Even though these pseudo stories are primarily inspired by my mother’s drawings, this one is unabashedly about me. But not just about me; it is about you too. Really, it is about all of us, where we come from, how we respond to events, and how we got to this point.
Mom married five times, divorced four and had one annulment. One marriage apparently overlapped and her final relationship with David evolved into a common law marriage. As I was growing up, I had become somewhat accustomed to step fathers and boyfriends, but my questions about my original father were getting more difficult for mom to evade. What does this have to do with anything? Well, read on.
In the summer of 1968, Elizabeth (She was Betty Jo at the time) packed up the Oldsmobile station wagon and announced that we were going on a cross country adventure, taking only the back roads whenever possible. It was one of the most memorable experiences of my life. I saw our country from its dirty, dusty, sweaty-hot underbelly and I loved it. In Oklahoma I opened a candy bar purchased at a desolate gas station, and it was filled with maggots. We drove through Kansas City shortly after one of the bloodier race riots, with our heads down because everyone was still angry and openly carrying guns on the street. My mother and I were refused admittance in an Arkansas restaurant because we were unaccompanied by a man. But I also saw the northern California redwoods, the breathtaking Utah rock mountains, the rolling turquoise grass hills of Kentucky.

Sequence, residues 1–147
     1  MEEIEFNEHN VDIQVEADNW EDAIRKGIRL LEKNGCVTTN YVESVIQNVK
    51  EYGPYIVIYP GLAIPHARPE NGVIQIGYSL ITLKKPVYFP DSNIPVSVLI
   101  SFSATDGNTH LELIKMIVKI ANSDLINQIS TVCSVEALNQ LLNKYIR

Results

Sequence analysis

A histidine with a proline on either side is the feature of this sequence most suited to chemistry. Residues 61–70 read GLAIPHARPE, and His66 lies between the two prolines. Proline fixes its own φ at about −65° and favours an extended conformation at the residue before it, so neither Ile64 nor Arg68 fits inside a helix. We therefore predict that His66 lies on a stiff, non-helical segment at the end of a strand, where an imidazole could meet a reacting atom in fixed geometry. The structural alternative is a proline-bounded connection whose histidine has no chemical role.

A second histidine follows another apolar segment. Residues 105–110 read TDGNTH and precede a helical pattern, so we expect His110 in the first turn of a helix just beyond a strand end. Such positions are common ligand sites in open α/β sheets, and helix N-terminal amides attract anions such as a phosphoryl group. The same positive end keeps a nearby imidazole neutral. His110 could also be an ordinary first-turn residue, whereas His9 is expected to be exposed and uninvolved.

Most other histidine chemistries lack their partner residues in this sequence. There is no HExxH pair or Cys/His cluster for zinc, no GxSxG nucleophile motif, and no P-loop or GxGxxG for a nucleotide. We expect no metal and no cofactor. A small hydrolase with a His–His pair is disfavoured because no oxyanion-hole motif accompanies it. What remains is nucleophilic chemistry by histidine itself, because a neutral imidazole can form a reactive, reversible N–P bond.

Until we got to Nashville, her inner honky tonk beckoning her to celebrate the city. She took me to what must have been the most expensive restaurant in town where conversations were hushed and the selections exquisite. I was served wine. As we approached dessert, she told me she had something to tell me and as I listened, she confessed that she did not know who my real father was. I watched her apologize and struggle through the admission, explaining how this could possibly happen. When she asked me if I hated her. I began to cry, thinking that all these years she was agonizing over how I would feel about her, and about myself. I learned that her own father had never forgiven her for it. How cruel a world to punish a woman for liberating herself! I of course told her this and reassured her that I certainly did not think any less of either one of us. We had made it this far without a daddy. Looking back, I wonder how long during that trip she had planned to break this news to me, how many times she had rehearsed it, and how often she had admonished herself for not being able to give me a name. In the end, I loved her all the more for her courage.
Years later she attended a high school reunion and an old boyfriend was there who abruptly reminded her of me, providing her with instant clarity. As she looked at his face, his nose, even his teeth she realized that I looked just like him. She wrote his name on a piece of paper in case I ever wanted to know who my father was. I have that piece of paper somewhere, but it really is not that important after all. Mostly what I remember about that trip is discovering what an amazing person my mom was.